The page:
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The Roar


MATCH REPORT: All Blacks stunned as Ireland roar to deserved win

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13th November, 2021
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Ireland roared to a well deserved 29-20 defeat of the All Blacks in front of a seething crowd of 51,000 at the Aviva Stadium.

Down by five points at halftime, Ireland went to the lead through Ronan Kelleher and Caelan Doris.

With 10 minutes to play, Will Jordan crossed for the All Blacks to cut the gap to three points but two Joey Carbery penalties sent the crowd home happy.

Earlier James Lowe had given Ireland a first half lead before Codie Taylor’s try saw the All Blacks head into the break with their noses in front.

It is Ireland’s seventh consecutive win as they make significant ground under Andy Farrell’s system of expansive rugby.

The Irish dominated the contest and claimed a third win in five years against the All Blacks following on from wins in 2016 and 2018.

First half try scorer Lowe, who was born in NZ and qualified through the three-year residency rule, summed up the feeling.


“It’s amazing. Never in a million years did I think this day would come. I dreamt of being an All Black as a kid,” Lowe said.

“I gave up that dream as I wasn’t good enough and to come over here, to hear my native country anthem and stand in front of the haka, it’s a childhood dream.”

Lowe gave a brilliant post match interview where he described a tackle on Reiko Ioane in the 70th minute as his highlight.

“You bollockses always talk about my d [defence] and I got up and whacked Rieko, and we got the turnover,” Lowe said in a post-match television interview.

“I don’t care about that first try, it was the moment in the 70th minute, to be able to read [the play] and do everything I’ve been doing for the past six or seven months and produce it against the best team in the world, that’s what I’m happy about.”

James Lowe of Ireland celebrates a turnover during the Autumn Nations Series match between Ireland and New Zealand at Aviva Stadium in Dublin. (Photo By David Fitzgerald/Sportsfile via Getty Images

James Lowe celebrates his try (Photo By David Fitzgerald/Sportsfile via Getty Images)


After the first full house at the Aviva Stadium in 21 months tried to drown out the Haka with a rendition of ‘The Fields of Athenry’, Ireland responded by showing their intent to play the kind of fast-paced rugby that hit Japan for 60 points last week.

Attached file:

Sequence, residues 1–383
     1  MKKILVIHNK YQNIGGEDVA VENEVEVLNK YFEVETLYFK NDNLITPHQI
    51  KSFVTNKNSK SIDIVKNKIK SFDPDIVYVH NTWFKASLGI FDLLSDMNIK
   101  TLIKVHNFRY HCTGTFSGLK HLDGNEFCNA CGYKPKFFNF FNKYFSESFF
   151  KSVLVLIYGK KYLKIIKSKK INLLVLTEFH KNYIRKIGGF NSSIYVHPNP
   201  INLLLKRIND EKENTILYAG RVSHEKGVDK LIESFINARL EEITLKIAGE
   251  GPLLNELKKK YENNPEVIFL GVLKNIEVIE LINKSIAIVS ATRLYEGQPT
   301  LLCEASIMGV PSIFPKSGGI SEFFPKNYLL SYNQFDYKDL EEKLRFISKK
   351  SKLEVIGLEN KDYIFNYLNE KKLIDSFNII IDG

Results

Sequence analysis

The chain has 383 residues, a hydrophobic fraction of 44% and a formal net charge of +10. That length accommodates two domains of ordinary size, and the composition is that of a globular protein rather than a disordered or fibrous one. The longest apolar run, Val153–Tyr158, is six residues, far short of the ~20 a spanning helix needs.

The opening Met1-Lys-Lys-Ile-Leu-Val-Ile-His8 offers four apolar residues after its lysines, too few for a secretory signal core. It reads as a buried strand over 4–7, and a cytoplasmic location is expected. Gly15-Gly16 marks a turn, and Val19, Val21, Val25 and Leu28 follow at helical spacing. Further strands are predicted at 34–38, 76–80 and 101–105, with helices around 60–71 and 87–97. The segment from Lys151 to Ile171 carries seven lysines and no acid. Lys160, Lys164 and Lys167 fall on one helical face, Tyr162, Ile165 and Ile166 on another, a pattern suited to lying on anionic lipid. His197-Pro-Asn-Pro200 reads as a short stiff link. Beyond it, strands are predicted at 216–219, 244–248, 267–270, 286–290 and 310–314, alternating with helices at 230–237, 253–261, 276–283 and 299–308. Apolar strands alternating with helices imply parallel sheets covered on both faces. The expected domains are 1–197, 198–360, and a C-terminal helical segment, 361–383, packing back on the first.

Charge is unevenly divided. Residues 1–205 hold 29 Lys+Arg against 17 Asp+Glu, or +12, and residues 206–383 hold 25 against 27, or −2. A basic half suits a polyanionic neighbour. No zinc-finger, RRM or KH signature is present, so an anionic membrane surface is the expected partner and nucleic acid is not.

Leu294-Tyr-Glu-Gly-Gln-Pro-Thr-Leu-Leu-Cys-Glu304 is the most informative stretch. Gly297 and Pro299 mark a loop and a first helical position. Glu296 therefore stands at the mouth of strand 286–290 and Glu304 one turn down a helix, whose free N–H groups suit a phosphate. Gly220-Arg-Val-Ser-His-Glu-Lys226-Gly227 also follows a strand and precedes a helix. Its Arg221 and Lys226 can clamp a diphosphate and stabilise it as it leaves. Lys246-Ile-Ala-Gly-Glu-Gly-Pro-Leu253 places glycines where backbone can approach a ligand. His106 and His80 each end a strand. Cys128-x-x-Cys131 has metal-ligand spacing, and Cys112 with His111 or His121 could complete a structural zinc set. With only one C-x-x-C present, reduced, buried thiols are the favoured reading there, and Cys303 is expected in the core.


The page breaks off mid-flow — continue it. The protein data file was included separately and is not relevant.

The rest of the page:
They were not afforded the same kind of space and it was the All Blacks who came closest to opening the score through the electric Jordan before Taylor’s yellow card for a high tackle on Johnny Sexton handed the hosts the initiative.

That was to be New Zealand’s last attack for most of the half as Ireland took advantage with ruthless precision, going for the corner rather than the sticks with the resulting penalty and when their pack could not quite make it over the ball was spun out wide for Lowe to score.

Ireland remained camped in the All Blacks half, even when the visitors returned to their full complement of players, and somehow wound up trailing 10-5 at the break

After Tadhg Furlong had a try disallowed, New Zealand took the lead out of absolutely nowhere. Dalton Papalii broke from the back of a lineout into a gaping hole in the Irish defence and Taylor was beside him to finish.

Ireland again came within inches of scoring just before the break, this time through Sexton, but the resolute All Blacks went into half-time ahead having make 160 tackles to Ireland’s 37 in the first 40 minutes.

The onslaught continued in the second half and the dam broke when hooker Kelleher’s 44th minute try levelled the score.

The early defensive effort was taking its toll on New Zealand, who also lost fly-half Beauden Barrett to a head injury in the first half, and Leinster flanker Caelan Doris
broke through to add a third try shortly afterwards.


Sexton’s first conversion of the day and a quick additional penalty put the hosts 20-10 in front before Jordan’s 17th try from 11 caps set up a tense final 20 minutes.

But Ireland stood firm with replacement fly-half Carbery knocking over three late penalties, one from the half-way line, before the packed house erupted on the final whistle.

‘We didn’t have the composure’

All Blacks coach Ian Foster felt his team shouldn’t have has a 68th minute try ruled out, and questioned some of Ireland’s tactics, but paid Ireland fair tribute.

“They thoroughly deserved their win,” said Foster.

“They played incredibly well and held the ball for long periods.

“I thought we did well with our defence, hanging in there and frustrating them, and the fact we took our first two opportunities to score in a clinical way meant we were in the game and in quite a nice position.

“[But] I was impressed with them. They played a high-tempo game, kept us chasing and when it really mattered at the end we just didn’t have the composure to take the opportunity presented. It was very similar to other Ireland-All Blacks games I’ve been involved with up here.”


Of a draining first half, Foster said: “I was delighted that under sheer weight of possession and territory our defence stood up pretty strongly. We conceded one try when we had a yellow card, but we got to halftime a bit battered but in a reasonably good position.

“We weren’t very clinical in that first 10 minutes [after halftime]. We presented a couple of opportunities they were good enough to take, and then it was a matter of chasing the game. I thought Will [Jordan’s] was a great try; I thought Akira’s was a great try – but the TMO didn’t, and that’s probably the story of the game.”

The TMO ruled a forward transfer from Rieko Ioane to his brother.

“I certainly saw it differently, but that’s life,” said Foster. “It was a really, really marginal call.”